Stephen calls me out for being mean-spirited and rude: “There’s no call for this sort of condescending and catty response to people who are trying their best to work through some difficult issues.” I think people who know me know that’s not the kind of person I am. In rereading my response I realize that my writing may have come off this way. That wasn’t my intent. My intent was to (1) voice my frustration that academics seem to enjoy problematizing things more than they enjoy trying to help you understand things, and to (2) provide a simple answer that covers the majority of cases, which I contend my definition does. If anyone interpreted today’s post as a personal attack, I’m sincerely sorry.
I won’t respond line-by-line to Stephen’s extraordinarily lengthy post. Just the most salient point. Stephen writes, “The totality of Wiley’s example works only if both questioner and answerer speak a common language, have common expectations about the states of affairs in the world, and are sufficiently familiar with each other that most of the trappings of communication can be assumed as given.”
I very clearly said that I was talking about the overwhelming majority of learning that happens in this world – not all of it. And while it’s true that there are some very privileged people like Stephen and I that converse across timezones and fulfill the other requirements necessary for Stephen’s later problematizations to work, those people and those interactions are in the minority. If you picked a random person out of the 7+ billion alive today and examined their daily communication (in which tiny bits of learning are continuously occurring), the odds are extremely high that “questioner and answerer speak a common language, have common expectations about the states of affairs in the world, and are sufficiently familiar with each other that most of the trappings of communication can be assumed as given.” Even for someone like me, who has a technology-enlarged social circle, many of my daily communications are with my family and close friends, still fulfilling Stephen’s requirements. Using his words, “the totality of Wiley’s example works” in these very, very common circumstances. The overwhelming majority of circumstances, I contend.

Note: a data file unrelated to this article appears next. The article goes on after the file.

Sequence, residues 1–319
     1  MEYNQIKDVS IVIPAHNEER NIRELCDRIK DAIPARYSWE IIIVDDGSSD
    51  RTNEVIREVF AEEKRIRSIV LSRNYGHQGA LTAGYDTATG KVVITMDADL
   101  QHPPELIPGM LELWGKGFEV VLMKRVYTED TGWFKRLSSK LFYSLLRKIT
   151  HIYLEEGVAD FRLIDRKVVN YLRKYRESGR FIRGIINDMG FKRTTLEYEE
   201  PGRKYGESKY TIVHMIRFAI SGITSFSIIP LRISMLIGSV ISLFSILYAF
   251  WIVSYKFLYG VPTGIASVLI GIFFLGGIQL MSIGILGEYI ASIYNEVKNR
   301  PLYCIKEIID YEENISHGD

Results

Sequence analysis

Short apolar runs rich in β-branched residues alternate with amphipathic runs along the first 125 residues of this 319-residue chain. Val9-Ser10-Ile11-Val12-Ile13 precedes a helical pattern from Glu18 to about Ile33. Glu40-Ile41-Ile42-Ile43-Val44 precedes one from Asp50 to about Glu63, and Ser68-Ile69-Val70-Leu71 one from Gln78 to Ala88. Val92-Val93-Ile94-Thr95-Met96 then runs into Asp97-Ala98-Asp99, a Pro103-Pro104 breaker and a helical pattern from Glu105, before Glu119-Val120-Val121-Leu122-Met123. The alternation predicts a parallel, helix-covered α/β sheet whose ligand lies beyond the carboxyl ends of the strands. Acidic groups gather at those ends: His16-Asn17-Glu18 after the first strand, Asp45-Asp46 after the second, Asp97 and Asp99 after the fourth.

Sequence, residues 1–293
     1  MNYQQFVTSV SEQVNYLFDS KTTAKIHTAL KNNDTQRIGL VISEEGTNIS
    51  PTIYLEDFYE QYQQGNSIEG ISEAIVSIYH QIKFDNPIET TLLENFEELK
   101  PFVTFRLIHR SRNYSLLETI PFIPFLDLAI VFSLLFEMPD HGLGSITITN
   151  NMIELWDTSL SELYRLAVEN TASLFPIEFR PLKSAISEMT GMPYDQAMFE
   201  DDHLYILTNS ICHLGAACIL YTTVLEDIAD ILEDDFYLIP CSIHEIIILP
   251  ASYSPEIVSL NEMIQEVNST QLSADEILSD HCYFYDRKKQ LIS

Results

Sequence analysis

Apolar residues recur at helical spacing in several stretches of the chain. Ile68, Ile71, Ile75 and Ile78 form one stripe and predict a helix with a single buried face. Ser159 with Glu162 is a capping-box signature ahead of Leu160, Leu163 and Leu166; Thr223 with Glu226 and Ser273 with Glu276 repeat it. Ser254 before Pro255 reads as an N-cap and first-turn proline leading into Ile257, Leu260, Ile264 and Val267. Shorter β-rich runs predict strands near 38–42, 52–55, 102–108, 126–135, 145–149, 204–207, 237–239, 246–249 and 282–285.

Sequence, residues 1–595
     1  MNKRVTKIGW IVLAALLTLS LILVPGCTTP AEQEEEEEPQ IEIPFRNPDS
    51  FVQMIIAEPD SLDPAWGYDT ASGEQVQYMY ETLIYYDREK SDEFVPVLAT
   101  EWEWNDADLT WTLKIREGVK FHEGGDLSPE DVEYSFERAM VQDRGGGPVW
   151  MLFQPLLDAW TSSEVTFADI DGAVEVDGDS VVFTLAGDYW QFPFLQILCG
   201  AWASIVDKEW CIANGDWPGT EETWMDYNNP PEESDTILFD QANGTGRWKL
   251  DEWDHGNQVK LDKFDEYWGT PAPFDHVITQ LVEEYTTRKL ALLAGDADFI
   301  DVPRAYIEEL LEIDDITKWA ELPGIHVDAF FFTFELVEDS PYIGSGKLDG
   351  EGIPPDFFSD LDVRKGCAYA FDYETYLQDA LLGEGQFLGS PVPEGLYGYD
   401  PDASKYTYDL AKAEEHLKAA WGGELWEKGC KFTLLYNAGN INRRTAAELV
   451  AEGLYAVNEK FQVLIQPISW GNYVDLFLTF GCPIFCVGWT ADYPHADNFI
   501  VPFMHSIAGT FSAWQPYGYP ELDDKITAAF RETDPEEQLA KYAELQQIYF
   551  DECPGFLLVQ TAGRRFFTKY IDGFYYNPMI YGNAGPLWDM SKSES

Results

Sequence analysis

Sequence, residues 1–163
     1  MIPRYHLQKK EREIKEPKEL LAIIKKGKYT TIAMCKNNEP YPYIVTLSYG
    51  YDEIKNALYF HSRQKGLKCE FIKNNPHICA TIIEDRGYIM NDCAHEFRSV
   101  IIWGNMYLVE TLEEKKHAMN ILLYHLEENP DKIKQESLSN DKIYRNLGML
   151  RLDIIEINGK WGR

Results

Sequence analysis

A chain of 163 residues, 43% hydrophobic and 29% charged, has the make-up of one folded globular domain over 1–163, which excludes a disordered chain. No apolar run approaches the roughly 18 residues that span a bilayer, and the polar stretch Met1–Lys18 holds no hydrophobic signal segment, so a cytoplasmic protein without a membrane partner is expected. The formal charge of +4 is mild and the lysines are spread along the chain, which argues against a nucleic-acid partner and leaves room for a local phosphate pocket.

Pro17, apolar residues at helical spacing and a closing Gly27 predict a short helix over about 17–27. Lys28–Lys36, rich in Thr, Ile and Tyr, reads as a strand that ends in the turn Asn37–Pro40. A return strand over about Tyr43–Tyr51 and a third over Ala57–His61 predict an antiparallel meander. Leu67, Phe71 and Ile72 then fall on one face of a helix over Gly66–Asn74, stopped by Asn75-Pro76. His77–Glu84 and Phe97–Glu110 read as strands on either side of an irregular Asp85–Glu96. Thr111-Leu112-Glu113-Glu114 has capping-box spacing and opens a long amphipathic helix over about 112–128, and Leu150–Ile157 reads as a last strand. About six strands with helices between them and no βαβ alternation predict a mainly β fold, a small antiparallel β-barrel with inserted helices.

Now, clearly, there are more complicated circumstances that necessitate a more complex learning process than a simple question / answer. I also stated this clearly in in my post. As I mentioned there, my thinking along these lines is heavily influenced by Pask’s ideas about conversation (and Shannon’s theory of information, which I didn’t describe in my post). I had no intention of going into my thoughts about this more nuanced and complex process in my original post, and don’t have time to do them justice now.
“People always think they can engineer things for a precise result,” he writes. I agree that this is true for the people who fail to recognize the agency (free will) that exists in every learner. As Reigeluth so cogently remarked, ‘All instructional approaches are probabilistic, not predictive.” Can we structure something that will guarantee that people will learn? I don’t believe so. Can we structure something that will increase the probability that someone will learn? Absolutely. Stephen and George must believe this, too, or they wouldn’t have invented the MOOC.
The main problem for me with Stephen’s argument is captured in his statement, “If you are open to the idea that learning isn’t transfer, isn’t transmission, isn’t even replication…” If you are open to this idea, then (and I’m genuinely asking now, hoping for an answer) why would you ever ask someone a question? If you believe Stephen’s “perfectly reasonable and well-research answer” that “nothing is transferred,” transmitted, or replicated when someone attempts to answer your question, then why would you bother asking? Why would you make a request when you are assured of receiving nothing in return?